10 between and the possibilities of offering single services for third parties. For example, EJBs (especially Session Beans) can be designed to offer its business methods like services in a context free way. These services of this EJB can be used by other EJBs or clients. In a big company (or a coalition of parties gaining access to each others EJB s) single departments could offer their services (in the shape of the business methods of the EJBs) for other departments, so that the same effect could be achieved as with services supporting SOAP: The business methods of the EJBs represent the activities one department offers. Other departments could use these services for their belongings and perhaps use them in a way the business method wasn t built for. So, this usage of Enterprise JavaBeans could be seen as service oriented too. Helmut Petritsch 10/14

11 SOA a miracle cure? SOA seems to be a good step forward to looser coupled software, higher reusability, faster development and probably a completely new style of software development. The difference between SOA und components seems to consist of two major points: Services have to be publically accessible. Models for consumption will probably be developed though not necessarily cost free. But through registries (UDDI) it should be possible to find services like other business partners in the yellow pages. Services have to be largely independent from implementation specific attributes. For users and customers it is irrelevant, if the service is released with Java,.NET or Perl. The shared communication is XML based, and as long as no other protocol exits, the protocol will probably be SOAP. The vision so far involves a building set of services and developing a new architecture, providing an easy way of merge available services. But this will raise a bundle of problems, which didn t use to exist with traditional components. Gained Web Services mean bad performance As a rule following the paradigm of service oriented architecture most Web Services will partly use other Web Services, which perhaps themselves use other Web Services. But this chain must not get too long, because too much to fine graded services will reduce performance and are costly to service. If non-public services are used, they can be integrated with other communication technologies like JMS. This means, you have to design a JMS-Web-Service bridge which has to transport security- and transaction issues. A jungle of standards doesn t make it easy But performance is only one factor that has to be regarded. Another criterion could be affording a high flexibility and reusability, which asks for a loose coupling. To reach a maximum degree of loose coupling, Web Services shouldn t call each other mutually. The standard BPEL (Business Process Language) achieves this challenge for Web Services. BPEL is a meta-like language, defining the actions of Helmut Petritsch 11/14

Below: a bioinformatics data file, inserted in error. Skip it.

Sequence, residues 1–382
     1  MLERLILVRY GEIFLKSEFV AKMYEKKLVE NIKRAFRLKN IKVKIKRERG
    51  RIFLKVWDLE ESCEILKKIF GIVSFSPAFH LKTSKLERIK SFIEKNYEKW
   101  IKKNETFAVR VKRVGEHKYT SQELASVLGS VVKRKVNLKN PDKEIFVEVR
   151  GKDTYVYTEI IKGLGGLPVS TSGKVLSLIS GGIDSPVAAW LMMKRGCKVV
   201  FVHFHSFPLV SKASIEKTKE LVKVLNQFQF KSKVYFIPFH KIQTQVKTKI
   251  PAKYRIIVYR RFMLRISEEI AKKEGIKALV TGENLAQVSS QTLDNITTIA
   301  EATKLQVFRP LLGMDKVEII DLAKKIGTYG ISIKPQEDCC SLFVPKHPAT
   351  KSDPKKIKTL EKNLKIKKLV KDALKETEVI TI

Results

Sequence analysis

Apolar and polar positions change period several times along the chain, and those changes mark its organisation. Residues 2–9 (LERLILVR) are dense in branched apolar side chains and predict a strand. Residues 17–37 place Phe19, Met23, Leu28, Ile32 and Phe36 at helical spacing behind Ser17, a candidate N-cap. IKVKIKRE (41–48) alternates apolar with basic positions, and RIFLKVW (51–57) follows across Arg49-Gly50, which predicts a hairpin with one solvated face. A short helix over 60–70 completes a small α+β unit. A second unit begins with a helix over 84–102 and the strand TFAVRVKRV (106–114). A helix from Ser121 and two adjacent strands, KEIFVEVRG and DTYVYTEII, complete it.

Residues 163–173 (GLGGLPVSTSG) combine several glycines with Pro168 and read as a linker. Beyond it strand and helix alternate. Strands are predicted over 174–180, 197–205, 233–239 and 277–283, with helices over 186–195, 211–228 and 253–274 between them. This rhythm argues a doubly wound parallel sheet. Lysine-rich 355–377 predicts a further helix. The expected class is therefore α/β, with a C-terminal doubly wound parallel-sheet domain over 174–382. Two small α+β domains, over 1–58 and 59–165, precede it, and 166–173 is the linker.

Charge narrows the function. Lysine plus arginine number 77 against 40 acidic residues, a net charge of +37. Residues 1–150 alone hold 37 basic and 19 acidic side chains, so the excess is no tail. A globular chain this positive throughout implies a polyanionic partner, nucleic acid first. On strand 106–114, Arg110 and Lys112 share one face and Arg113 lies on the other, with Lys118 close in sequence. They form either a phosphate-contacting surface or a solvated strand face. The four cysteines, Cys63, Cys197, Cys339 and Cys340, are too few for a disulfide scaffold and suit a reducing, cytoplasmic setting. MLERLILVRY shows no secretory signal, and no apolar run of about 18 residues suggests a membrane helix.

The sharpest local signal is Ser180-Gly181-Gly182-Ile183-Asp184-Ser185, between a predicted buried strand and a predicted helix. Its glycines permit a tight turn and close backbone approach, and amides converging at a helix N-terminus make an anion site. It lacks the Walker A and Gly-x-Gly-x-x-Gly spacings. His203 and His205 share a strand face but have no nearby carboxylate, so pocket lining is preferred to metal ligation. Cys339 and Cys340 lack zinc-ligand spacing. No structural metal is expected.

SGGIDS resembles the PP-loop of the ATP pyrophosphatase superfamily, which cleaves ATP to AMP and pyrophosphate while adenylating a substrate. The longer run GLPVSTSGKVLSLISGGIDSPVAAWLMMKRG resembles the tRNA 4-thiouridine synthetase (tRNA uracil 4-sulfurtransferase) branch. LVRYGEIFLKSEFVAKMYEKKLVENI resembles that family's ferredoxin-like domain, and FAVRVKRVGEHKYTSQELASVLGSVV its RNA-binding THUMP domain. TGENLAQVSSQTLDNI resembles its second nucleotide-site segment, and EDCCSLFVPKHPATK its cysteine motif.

12 calls from different services per XML. The Web Services themselves should be defined by a WSDL interface, which should be as self describing as possible, to be used by BPEL in an easy way. But this raises the next problem: it s not possible to use JMS with BPEL. In addition a service locater (something like UUDI) should be developed; security issues have to be integrated, for example with SSL or SAML. Single Sign-on could be released with the help of the Liberty Alliance, transactions with the help of WS-Transactions. The must to evaluate, test and use all these technologies is supposed to be a reason for many companies to retard or avoid the usage of Web Services. To give Web Services a realistic chance there has to be an all-in-one solution to all these problems. Finding the right Web Services Finding an existing Web Service is a non-trivial job. Technologies like UDDI afford the basic necessities. But it seems that this is still one big problem of Web Services: The publishing and finding of Web Services in an efficient and competitive way. One might also write undiscoverable services oneself; but that s against the idea of SOA: If you have to write all the services yourself, there s no real advantage to component based solutions, like with a stateless session EJB. Are there guarantees for Web Service users? Using Web Services means to become dependent on these Web Services. If there s nothing like a contract or the like a company might have to face major difficulties if one ore more Web Services aren t can t be reached any more. Apart from this worst case, there may also be smaller problems. Interfaces (and thus i.e. WSDL-files) can change, the service probably provides slightly different services; the code has to be adopted manually which causes additional costs. Quality of Service of foreign applications For commercial web services the web services used have to be analysed with regard to the quality of service. Non-functional attributes like performance, reliability, security, and manageability have to be detected. If possible, there should be metrics to decide if a foreign service satisfies the needs of one s own software and company. Helmut Petritsch 12/14